Everyone, rich and poor, slave and free, had to use this Roman currency marked with the image of Nero.
Rome openly proclaimed that its rulers, the Caesars, were divine gods or sons of god. All those under the jurisdiction of Rome (such as the early Church) were required by law to publicly proclaim their allegiance to Caesar by burning a pinch of incense and declaring, “Caesar is Lord.” Upon compliance with this law, the people were given a papyrus document called a “libellus,” which they were required to present when either stopped by the Roman police or attempting to engage in commerce in the Roman marketplace, increasing the difficulty of “buying or selling” without this mark.6
What’s more, worshipping or not worshipping the empire and its Caesar was quickly becoming the dividing line between people who were considered acceptable in the community and people who weren’t. Many local officials introduced a daily formal requirement that unless you offered the proper tribute to Rome, you weren’t even allowed through the market gates.7 This would be the equivalent of having to pledge your allegiance to the American flag before going into the grocery store. After homage was paid to the empire and its king, ashes were placed on the hand or the forehead of the individual and entrance into the markets was permitted. This was called “taking the mark.”8 Since Christians declared that Jesus was Lord, meaning that anyone else was not, taking the mark was a sign of betrayal against God. Followers of Jesus were faced with a difficult choice: stay true to the Lamb and risk losing your livelihood or offer your allegiance to the beast, and everything will be alright.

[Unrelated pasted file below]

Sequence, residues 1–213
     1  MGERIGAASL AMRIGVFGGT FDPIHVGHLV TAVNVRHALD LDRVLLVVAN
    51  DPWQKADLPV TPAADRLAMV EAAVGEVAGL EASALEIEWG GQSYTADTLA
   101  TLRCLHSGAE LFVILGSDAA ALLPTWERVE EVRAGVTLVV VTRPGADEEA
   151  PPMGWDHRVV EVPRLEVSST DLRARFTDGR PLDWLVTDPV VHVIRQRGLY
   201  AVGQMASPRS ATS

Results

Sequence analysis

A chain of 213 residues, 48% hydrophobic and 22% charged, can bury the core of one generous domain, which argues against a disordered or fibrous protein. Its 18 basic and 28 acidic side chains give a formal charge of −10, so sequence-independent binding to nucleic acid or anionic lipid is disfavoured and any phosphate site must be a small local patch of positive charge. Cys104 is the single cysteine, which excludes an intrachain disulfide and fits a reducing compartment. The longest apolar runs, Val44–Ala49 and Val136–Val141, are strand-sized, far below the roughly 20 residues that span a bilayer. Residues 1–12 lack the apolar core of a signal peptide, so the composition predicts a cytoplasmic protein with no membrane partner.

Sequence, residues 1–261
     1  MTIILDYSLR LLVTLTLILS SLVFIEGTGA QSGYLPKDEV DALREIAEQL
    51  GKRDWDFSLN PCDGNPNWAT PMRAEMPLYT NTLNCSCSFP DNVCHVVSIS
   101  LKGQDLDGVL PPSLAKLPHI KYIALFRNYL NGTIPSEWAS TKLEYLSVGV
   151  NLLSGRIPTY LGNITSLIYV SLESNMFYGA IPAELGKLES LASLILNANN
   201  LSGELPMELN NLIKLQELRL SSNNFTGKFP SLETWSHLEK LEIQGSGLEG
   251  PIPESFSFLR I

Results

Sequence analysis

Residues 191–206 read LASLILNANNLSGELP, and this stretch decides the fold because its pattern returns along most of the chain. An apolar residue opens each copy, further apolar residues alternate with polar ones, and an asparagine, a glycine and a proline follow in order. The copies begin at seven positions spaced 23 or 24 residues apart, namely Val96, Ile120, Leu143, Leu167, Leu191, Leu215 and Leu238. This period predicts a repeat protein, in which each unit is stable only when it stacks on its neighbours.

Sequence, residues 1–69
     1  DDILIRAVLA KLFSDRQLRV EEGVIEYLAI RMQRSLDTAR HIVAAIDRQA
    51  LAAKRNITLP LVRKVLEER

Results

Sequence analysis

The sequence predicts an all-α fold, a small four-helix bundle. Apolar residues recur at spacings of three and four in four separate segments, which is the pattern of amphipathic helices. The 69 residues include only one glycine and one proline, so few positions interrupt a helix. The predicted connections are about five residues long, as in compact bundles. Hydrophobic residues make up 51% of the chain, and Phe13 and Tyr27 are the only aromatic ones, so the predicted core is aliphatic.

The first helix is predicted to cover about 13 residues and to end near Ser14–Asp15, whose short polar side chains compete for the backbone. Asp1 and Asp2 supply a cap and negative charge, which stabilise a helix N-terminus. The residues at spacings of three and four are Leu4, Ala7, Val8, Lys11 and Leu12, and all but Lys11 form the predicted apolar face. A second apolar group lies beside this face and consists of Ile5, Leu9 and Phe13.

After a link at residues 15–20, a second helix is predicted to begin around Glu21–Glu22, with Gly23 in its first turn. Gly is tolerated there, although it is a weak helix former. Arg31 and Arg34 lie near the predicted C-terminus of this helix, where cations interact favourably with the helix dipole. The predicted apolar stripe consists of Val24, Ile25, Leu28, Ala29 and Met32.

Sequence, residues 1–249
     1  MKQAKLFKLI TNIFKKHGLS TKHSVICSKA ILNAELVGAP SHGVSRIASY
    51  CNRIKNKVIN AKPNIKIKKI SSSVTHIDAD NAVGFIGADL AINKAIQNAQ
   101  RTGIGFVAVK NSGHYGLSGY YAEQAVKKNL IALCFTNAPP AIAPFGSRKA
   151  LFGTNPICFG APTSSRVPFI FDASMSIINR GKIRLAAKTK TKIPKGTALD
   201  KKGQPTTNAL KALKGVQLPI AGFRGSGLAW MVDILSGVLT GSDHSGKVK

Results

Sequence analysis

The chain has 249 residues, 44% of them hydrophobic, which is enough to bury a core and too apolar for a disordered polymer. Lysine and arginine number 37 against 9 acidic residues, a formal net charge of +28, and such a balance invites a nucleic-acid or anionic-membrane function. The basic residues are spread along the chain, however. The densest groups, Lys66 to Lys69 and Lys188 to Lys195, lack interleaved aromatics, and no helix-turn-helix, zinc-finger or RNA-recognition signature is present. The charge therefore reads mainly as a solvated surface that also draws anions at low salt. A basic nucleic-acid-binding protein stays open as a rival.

Six Hundred and Sixty-Six
…unless they had the mark, which is the name of the beast or the number of its name. This calls for wisdom. Let the person who has insight calculate the number of the beast, for it is the number of a man. That number is 666.
The mark required to buy and sell has a clear meaning. The mark of the beast is the name of a man represented by a number: 666. The mark is the number 666, and John’s readers were told to calculate it. This number may be the key to understanding who the beast is. So let’s talk about numbers and how they were used in the first century.
In ancient days alphabets served two purposes. Their first purpose was to create words, but secondly, the letters were also assigned a numerical value. You may have already heard of “Roman numerals” such as “I” (1), “V” (5), “X” (10), and so on. Most ancient languages at the time functioned in the same way. That is how John’s mark of the beast, who is a man, can be both a name/word and a number. Because of the two-fold function of letters, numerical “cryptograms” were fairly common in antiquity. Among the Greeks, it was called isopsephia (numerical equality); among the Jews, it was called gimatriya (mathematical). Any given name or word could be reduced to its numerical equivalent by adding up the mathematical value of all of the letters of the name. For example, a cryptogram was discovered in excavations from Pompeii, which was buried by a volcanic eruption in AD 79. In Greek, the inscription written was: philo es arithmos ph m e (“I love her whose number is 545”).9 This, of course, is just one interesting example of countless that can be found in Hellenistic and Rabbinic literature.
If we were to take Nero’s name in Greek (Νέρων Καῖσαρ) and add up the letters in his name, it adds up to 1005. That doesn’t quite match 666. But remember, John was a political prisoner in the custody of the Greek-speaking Romans. It would have been wiser for him to use another language like Hebrew, which was much less commonly known at the time.10 In Hebrew, Nero’s name (נרון קסר) when transliterated into English letters is “Nrwn Qsr.” This is the way it was found to be spelled in Hebrew in the Talmud and other Rabbinical writings.11 When converted to numbers, Nero’s name adds up to exactly 666.